Federal Sub-Contractors: Beware of the Big Guys
Tuesday, June 19, 2012
Doing business as a small government contractor has distinct vulnerabilities, like getting used and tossed aside by bigger contractors.
In a survey by American Express, almost 30% of small contractors said they had been victimized by bait-and-switch tactics employed by larger firms. This can happen when a large contractor needs a particular type of smaller contractor—one owned by a veteran or a minority, for instance—in order to win a bid from a federal agency. They list the subcontractor on the bid, but once the prime contractor gets the deal, they dump the little guy.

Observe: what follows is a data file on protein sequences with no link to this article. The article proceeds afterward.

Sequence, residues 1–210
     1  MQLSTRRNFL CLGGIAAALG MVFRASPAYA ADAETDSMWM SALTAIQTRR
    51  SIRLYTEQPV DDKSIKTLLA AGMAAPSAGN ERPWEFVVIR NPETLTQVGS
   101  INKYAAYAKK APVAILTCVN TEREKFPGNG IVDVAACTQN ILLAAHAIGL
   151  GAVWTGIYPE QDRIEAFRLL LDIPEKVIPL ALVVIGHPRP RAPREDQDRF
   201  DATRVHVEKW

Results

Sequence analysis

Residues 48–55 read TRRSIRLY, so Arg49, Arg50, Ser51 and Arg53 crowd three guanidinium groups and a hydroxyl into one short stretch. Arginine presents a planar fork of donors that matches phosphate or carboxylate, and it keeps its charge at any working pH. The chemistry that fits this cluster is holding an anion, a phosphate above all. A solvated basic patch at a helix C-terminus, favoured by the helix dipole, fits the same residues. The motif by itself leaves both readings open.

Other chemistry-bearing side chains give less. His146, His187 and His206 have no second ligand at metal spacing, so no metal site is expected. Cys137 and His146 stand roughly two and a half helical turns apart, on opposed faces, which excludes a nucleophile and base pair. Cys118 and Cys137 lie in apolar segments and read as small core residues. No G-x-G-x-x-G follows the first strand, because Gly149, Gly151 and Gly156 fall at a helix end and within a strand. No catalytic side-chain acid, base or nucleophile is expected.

Such actions are not considered illegal under federal contracting law. In a tepid response to this problem, the House of Representatives has passed a bill that would require notifying government agencies if a prime contractor changes subcontractors after winning a contract.
-Noel Brinkerhoff, David Wallechinsky
To Learn More:
Study: Nearly One-Third of Small Contractors Report ‘Bait And Switching’ (by Olga Khazan, Washington Post)
Big Businesses Still Winning Small Business Contracts (by David Wallechinsky, AllGov)
Obama Administration Allows Bigger Businesses to Qualify as Small Businesses (by David Wallechinsky and Noel Brinkerhoff, AllGov)
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